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10 Movies like The Perks Of Being A Wallflower: Cutely Weird

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Jonny_Sweet_itcher_contributorTypically, wallflowers like to watch. If you liked watching ‘The Perks of Being a Wallflower’, you might also like watching ‘Rushmore’, ‘Juno’ and ’50/50′. ~ Jonny Sweet

I dare you to kiss the prettiest girl in the room on the lips. And notice I charitably said girl and not person because let’s face it, I’d smoke all you bitches.

In 2012, Stephen Chbosky was commissioned to adapt his excellent novel into an excellent screenplay – and to direct the film as well! The result featured excellent performances from Logan Lerman as the central protagonist Charlie, Ezra Miller as his off-the-wall friend, and Emma Watson as Sam, the object of his affections.

If you liked the book and loved the film, you’re probably eager for more of the same. I know I was! With that in mind, I’ve compiled a list of the best ‘The Perks of Being a Wallflower’- like movies for your perusal.

The whole Bildungsroman genre is one that distinctly appeals to me (probably because I often identify with the directionless suckers portrayed on screen) and so I’ve seen a fair few of similar ilk.


Movies Similar to ‘The Perks of Being A Wallflower’…

‘The Way, Way Back’, (Jim Rash, Nat Faxon, 2013)

You’ve got to go your own way, and you, my friend, are going your own way.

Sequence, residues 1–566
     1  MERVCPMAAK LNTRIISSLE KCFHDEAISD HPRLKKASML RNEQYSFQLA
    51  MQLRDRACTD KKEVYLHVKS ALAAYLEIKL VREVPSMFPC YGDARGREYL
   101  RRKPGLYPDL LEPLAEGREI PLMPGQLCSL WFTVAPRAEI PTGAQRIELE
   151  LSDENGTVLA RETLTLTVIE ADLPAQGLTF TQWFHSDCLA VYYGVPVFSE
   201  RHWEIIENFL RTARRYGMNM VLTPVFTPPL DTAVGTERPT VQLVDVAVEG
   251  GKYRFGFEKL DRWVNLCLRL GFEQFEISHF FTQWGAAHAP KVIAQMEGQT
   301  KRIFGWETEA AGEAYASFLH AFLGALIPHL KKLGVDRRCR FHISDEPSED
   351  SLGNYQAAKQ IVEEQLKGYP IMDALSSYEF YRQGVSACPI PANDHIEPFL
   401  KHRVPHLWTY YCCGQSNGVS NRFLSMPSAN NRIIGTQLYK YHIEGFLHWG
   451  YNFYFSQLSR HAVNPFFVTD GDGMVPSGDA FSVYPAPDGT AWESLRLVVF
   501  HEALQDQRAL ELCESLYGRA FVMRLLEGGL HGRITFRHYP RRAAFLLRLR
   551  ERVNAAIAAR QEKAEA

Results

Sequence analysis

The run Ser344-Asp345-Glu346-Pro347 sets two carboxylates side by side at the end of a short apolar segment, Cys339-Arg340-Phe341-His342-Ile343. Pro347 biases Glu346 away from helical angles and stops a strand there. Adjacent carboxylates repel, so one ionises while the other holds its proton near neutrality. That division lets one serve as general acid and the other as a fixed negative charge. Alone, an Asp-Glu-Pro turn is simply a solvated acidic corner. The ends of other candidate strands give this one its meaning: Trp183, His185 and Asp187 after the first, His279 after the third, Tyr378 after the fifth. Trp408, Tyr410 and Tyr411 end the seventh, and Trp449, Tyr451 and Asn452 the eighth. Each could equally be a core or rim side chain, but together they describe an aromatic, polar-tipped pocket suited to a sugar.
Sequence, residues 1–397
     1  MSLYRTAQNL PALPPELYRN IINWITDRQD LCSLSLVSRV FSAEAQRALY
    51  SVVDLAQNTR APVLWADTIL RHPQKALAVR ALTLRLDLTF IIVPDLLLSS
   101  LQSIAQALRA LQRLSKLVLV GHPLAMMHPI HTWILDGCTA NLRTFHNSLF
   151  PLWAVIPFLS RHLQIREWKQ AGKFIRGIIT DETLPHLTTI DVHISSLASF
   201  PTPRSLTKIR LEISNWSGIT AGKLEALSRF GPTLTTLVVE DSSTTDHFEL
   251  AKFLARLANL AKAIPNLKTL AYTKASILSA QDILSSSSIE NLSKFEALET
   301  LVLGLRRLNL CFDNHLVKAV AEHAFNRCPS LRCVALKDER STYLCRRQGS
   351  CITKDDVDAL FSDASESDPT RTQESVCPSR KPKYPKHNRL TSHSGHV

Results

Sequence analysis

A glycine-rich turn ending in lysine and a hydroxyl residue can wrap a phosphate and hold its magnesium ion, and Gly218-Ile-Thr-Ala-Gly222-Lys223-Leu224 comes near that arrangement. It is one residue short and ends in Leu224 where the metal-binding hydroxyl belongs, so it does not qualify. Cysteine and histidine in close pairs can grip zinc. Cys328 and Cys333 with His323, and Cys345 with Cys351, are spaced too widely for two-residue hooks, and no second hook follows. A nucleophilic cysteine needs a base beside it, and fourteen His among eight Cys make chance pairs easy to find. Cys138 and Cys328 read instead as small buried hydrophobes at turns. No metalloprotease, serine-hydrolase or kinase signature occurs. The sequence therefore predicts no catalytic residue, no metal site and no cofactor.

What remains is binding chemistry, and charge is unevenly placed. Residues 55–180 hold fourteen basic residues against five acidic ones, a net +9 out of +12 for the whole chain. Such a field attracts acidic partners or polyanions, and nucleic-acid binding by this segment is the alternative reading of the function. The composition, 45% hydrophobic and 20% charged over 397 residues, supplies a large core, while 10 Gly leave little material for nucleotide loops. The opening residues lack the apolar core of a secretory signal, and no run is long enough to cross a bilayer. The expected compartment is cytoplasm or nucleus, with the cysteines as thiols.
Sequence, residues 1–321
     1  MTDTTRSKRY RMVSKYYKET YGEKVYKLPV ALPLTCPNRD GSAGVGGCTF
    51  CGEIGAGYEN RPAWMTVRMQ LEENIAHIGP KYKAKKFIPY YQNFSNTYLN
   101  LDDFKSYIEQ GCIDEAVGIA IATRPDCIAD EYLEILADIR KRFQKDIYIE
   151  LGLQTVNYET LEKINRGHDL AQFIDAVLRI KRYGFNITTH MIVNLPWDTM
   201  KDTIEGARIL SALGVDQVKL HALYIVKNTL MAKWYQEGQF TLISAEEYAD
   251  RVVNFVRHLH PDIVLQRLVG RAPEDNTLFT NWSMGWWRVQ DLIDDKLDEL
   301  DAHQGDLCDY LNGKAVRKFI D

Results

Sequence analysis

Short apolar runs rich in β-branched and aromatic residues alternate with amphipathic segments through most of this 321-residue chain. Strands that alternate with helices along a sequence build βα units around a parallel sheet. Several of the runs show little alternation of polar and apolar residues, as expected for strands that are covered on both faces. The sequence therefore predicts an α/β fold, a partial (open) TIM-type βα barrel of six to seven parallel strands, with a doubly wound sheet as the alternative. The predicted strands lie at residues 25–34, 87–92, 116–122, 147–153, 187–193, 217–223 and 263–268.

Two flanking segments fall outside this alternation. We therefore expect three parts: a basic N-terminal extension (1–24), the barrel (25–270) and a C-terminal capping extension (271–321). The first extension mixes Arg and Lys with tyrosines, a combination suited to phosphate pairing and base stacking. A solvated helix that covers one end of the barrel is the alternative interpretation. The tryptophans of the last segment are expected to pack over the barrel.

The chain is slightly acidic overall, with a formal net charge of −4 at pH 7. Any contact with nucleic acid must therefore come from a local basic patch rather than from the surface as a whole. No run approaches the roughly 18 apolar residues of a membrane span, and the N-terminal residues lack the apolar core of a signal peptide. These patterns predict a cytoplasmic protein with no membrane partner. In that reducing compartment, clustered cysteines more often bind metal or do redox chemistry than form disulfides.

This typical story of an awkward boy finding his feet in the world avoids schmaltz through the combination of Liam James’ squirming discomfort, Sam Rockwell’s hilarious, smart-ass irreverence and Steve Carell’s pitch-perfect asshole behaviour.

A film that’s guaranteed to make you laugh and feel warm and fuzzy inside, ‘The Way, Way Back’ is a charming debut from the directorial team.

As with ‘The Perks of Being a Wallflower’, ‘The Way, Way Back’ features a central protagonist who’s unhappy and uncomfortable in his own skin, until he forms a new friendship which teaches him to love, laugh and learn.

‘The Spectacular Now’ (James Ponsoldt, 2013)

The best thing about now, is that there’s another one tomorrow.

Whereas ‘Charlie’ in ‘Perks’ was a shrinking violet who’s scarcely unafraid of his own shadow, ‘Sutter’ in ‘The Spectacular Now’ is almost the polar opposite – the class clown who never grew up.

An encounter with an unlikely but perfectly-matched girl forces both youngsters to take a good, long look at themselves in the mirror and attempt to change their ways in order to grow and evolve.

For more films like ‘The Spectacular Now’ please follow this link.

‘The Spectacular Now’ and ‘The Perks of Being a Wallflower’ both focus on youngsters who are forced to come to terms with their social behaviour and grow up – but while the latter is an introvert in need of confidence, the latter is an alcoholic extrovert in need of self-control.